c. The 100-volt pulse continues along the line and arrives at points

(3) and (4). Finally, as shown in Part C of Figure 29, the complete ATL is

charged to 100 volts, twice the voltage originally applied.

13. Determining the time delay.

a. To determine the time it took for the pulse to get from one end of

the line to the other, we use the time delay formula, TD = N LC. In this

case, the value of each coil is 10 mh and the value of each capacitor is .01

uf. The ATL has two sections. Calculating, we get:

b. The pulse took exactly 20 microseconds to get from the battery end

of the line to the open end. The values of L, C, and N are the same for the

returning pulse; therefore, it takes 20 microseconds for the reflected pulse

to return.

The complete action takes 40 microseconds.

Thus, the time

required to charge an ATL is equal to twice the delay time of the line

because the voltage has to go to the end of the line and back. The voltage

on the line will remain at 100 volts until the line is discharged.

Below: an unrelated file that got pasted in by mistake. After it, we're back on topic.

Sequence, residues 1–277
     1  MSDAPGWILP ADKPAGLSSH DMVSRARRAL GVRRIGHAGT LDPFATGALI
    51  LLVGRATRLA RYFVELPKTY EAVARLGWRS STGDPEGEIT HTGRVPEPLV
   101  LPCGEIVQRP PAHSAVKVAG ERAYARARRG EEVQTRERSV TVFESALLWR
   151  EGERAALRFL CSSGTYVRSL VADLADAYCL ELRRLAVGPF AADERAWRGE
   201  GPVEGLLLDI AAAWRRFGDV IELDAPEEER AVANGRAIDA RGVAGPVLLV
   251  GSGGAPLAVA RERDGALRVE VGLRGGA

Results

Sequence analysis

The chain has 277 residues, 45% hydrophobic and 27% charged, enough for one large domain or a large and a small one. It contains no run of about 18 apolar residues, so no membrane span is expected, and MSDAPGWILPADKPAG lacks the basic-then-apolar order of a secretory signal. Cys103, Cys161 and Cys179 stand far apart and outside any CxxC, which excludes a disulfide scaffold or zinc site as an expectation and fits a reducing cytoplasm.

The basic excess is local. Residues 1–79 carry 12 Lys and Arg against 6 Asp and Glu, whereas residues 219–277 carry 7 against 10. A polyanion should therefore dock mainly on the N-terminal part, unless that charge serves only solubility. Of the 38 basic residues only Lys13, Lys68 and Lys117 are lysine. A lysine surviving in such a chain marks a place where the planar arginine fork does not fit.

14. A review of the main points thus far.

a. ATL have the same electrical characteristics as real transmission

lines but take up much less space.

b. ATL are used as pulse-forming networks in radar systems.

c. A pulse takes a definite amount of time to travel from one end of an

ATL to the other.

d. An ATL terminated in an open circuit will charge to the supply

voltage in twice the delay time of the line.

15. Now, let's discharge the ATL.

a. You have just seen how to charge an ATL and that an ATL charges to

the supply voltage in a definite amount of time. It takes two TDs to charge

the ATL when the characteristic resistance of the ATL equals the source

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